Exposé Online banner

The Ed Palermo Big Band — One Child Left Behind
(Cuneiform Rune 418, 2016, CD)

by Peter Thelen, Published 2016-02-22

One Child Left Behind Cover art

This review could easily become an essay on Frank Zappa’s compositional ideas, since nine of the sixteen cuts here are adaptations of his work, and Ed Palermo’s originals tend to follow his style somewhat as well, but we all know FZ’s work well through his many phases, so let’s just simplify this and say that those nine Zappa cuts chosen here on One Child Left Behind are some of his very best, and Palermo does a masterful job arranging them for his sixteen-piece big band. But anyone familiar with Palermo’s earlier Cuneiform releases like Oh No! Not Jazz!, Eddy Loves Frank, and Take Your Clothes off When You Dance will certainly have a fairly clear idea what to expect. Especially noteworthy is the instrumental medley presented early on that includes “Spider of Destiny,” “Grand Wazoo,” and “Fifty-Fifty,” with Giorgio Moroder’s motion picture theme for “Scarface” in the middle somewhere. But there are more Zappa surprises when a segue of “Pygmy Twylyte” into “Po-Jama People” features none other than Napoleon Murphy Brock on vocals (Brock also sings on “Andy,” later in the program). Throughout, there are plenty of solo spots for all of the exceptionally hot players in this band, and one of particular note is the tenor sax solo by Ben Kono on the Palermo original “Vengeance.” A very surprising piece in this set is his adaptation of Neil Young’s “Harvest Moon,” in a typical Nelson Riddle style, with guitarist Bruce McDaniel handling the vocals superbly. Another non-Zappa piece, albeit far more strange, is the Lieber / Stoller tune “Is That All There Is,” originally recorded by various artists in the late 60s but ultimately a top 40 hit for Peggy Lee in 1969. If one even remembers it, with its spoken verses, you are probably be trying hard to forget it. Here guest vocalist Mike James pretty much dumps most of the original lyrics, and adds his own hilariously improvised narrative, launching off into a rant about how he hates Frank Zappa’s music and he’s only doing this gig for the money. Meanwile, the band in the background is quoting various Zappa tunes as the song proceeds. Another guest of note is Candy Zappa, Frank’s younger sister, providing vocals on the Los Lobos tune “Kiko and the Lavender Moon” as well as the FZ original “Evelyn, a Modified Dog” from One Size Fits All. The final surprise is a hidden track, the barbershop-style “Why You Bustin’ My Balls?” that closes the disc nicely, vocals only, no big band. As one might expect, Palermo brings new life to parts of the immense Zappa catalog as well as providing some new original tunes and carefully selected covers in his own consummate big band style.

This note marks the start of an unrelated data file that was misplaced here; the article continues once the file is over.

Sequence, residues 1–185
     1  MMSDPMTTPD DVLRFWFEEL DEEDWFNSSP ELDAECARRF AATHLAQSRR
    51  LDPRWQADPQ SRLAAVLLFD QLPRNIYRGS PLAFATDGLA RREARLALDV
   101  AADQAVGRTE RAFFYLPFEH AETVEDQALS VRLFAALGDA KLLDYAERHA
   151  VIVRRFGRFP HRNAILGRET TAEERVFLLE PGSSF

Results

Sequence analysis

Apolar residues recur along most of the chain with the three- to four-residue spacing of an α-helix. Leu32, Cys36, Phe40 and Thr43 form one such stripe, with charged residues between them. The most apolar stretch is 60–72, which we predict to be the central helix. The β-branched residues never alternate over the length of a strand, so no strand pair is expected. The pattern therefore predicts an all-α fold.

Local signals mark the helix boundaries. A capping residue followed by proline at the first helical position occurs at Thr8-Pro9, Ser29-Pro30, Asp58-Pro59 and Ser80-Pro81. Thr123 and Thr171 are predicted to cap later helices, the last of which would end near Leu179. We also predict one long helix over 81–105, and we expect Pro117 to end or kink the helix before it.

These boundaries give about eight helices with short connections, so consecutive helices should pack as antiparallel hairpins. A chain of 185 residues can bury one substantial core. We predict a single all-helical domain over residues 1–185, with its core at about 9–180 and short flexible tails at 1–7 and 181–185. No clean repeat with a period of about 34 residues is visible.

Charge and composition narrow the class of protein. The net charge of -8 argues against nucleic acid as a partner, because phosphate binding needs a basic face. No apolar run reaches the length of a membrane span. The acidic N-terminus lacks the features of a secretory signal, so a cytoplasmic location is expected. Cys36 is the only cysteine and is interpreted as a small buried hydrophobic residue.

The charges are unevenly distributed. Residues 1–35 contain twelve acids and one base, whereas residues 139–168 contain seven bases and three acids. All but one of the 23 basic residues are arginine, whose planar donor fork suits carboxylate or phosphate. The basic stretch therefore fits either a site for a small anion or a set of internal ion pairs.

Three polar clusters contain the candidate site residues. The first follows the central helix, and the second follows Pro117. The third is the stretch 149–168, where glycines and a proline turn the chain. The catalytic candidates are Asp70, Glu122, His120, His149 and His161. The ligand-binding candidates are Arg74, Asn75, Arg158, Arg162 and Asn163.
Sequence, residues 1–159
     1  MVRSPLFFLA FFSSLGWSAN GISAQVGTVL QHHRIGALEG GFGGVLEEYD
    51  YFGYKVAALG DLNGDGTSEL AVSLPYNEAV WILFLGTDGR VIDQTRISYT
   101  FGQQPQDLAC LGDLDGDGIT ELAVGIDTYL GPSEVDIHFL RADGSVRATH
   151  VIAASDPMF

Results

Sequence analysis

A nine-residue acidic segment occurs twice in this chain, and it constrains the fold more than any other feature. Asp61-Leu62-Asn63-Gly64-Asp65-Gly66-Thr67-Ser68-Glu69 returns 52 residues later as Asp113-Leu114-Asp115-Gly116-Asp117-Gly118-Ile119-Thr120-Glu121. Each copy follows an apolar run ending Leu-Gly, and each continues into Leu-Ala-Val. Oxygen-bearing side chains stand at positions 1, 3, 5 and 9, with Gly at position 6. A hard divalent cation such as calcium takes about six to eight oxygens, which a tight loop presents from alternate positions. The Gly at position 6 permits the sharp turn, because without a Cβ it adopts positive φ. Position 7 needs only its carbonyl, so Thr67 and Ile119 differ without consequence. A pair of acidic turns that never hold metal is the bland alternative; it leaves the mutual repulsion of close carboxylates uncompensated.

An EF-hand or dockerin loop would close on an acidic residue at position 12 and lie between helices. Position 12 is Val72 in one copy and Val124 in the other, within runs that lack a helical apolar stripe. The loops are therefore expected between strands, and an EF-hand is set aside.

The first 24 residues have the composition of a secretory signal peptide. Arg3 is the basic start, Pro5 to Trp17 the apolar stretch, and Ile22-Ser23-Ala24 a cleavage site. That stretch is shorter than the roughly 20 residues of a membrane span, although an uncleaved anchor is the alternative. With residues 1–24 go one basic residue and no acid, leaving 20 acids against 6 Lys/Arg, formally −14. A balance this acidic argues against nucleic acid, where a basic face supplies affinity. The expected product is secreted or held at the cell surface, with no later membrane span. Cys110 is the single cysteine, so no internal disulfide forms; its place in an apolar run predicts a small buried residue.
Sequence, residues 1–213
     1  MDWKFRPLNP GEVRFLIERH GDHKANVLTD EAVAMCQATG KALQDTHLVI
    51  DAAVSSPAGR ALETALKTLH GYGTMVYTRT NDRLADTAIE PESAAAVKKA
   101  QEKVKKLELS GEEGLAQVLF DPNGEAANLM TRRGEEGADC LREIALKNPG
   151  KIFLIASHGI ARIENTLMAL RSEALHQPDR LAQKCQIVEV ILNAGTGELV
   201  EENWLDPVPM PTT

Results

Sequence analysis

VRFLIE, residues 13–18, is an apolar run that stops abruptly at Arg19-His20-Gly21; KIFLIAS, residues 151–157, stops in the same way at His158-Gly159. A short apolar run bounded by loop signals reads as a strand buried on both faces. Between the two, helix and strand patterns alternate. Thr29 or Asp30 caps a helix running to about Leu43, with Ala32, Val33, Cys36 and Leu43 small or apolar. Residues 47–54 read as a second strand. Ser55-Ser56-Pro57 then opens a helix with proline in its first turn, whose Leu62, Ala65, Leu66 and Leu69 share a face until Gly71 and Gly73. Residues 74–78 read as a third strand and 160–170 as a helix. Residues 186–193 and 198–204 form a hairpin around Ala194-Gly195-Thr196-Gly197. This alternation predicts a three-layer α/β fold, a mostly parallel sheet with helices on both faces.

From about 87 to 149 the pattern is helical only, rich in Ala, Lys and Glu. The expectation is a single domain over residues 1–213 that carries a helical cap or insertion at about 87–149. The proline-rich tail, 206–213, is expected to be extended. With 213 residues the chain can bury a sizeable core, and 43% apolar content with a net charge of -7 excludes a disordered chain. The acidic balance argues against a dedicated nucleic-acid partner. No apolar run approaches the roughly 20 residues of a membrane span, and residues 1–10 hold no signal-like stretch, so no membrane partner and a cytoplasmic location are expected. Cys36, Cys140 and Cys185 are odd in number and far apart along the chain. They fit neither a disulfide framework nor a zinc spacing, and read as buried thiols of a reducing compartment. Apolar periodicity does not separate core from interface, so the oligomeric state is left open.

Filed under: New releases, 2016 releases

Related artist(s): The Ed Palermo Big Band, Frank Zappa

Latest news

2020-07-22
Tim Smith RIP – Tim Smith, leader of the eccentric band Cardiacs, has died at the ago of 59 after many years of health problems. Cardiacs was known for intense and complicated music that combined punk energy with the rhythmic and harmonic sophistication of progressive rock. » Read more

2020-07-12
Judy Dyble RIP – Singer-songwriter Judy Dyble, who was a founding member of Fairport Convention and one of the distinctive voices of the 60s folk revival in Britain, has died at the age of 71. Her passing came at the end of a long illness, though which she continued to work. » Read more

2020-07-06
Ennio Morricone RIP – Famed composer Ennio Morricone has died at the age of 91. The creator of scores for more than 500 movies, some of his works have become the most recognizable sounds in the history of cinema. His soundtracks for Sergio Leone's Westerns made from 1964 to 1971, are iconic landmarks in film music, but he also composed for dramas, comedies, and other genres. He won the Academy Award for Best Original Score in 2016 for The Hateful Eight. » Read more

2020-06-14
Keith Tippett RIP – One of the giants of British jazz has left us. Keith Graham Tippetts, known professionally as Keith Tippett, died today at the age of 72. His work from the late 60s into the 70s and beyond includes some of the greatest jazz produced in the UK, and stands as an impressive oevre to this day. » Read more

2020-05-15
Phil May of The Pretty Things RIP – We were saddened to learn that Phil May, lead singer and founding member of The Pretty Things, has died at the age of 75. The band's 1968 album S.F. Sorrow is one of the enduring classics of the psychedelic era, and the group existed in various forms until finally retiring in 2018. » Read more


Previously in Exposé...

Ken Pedersen - Deja Views – Deja Views is a collection of 12 piano instrumental pieces based upon various classical themes. Many of the tracks are piano solos, and some have wind or string accompaniment. The songs list people...  (1999) » Read more



Listen & discover



Print issues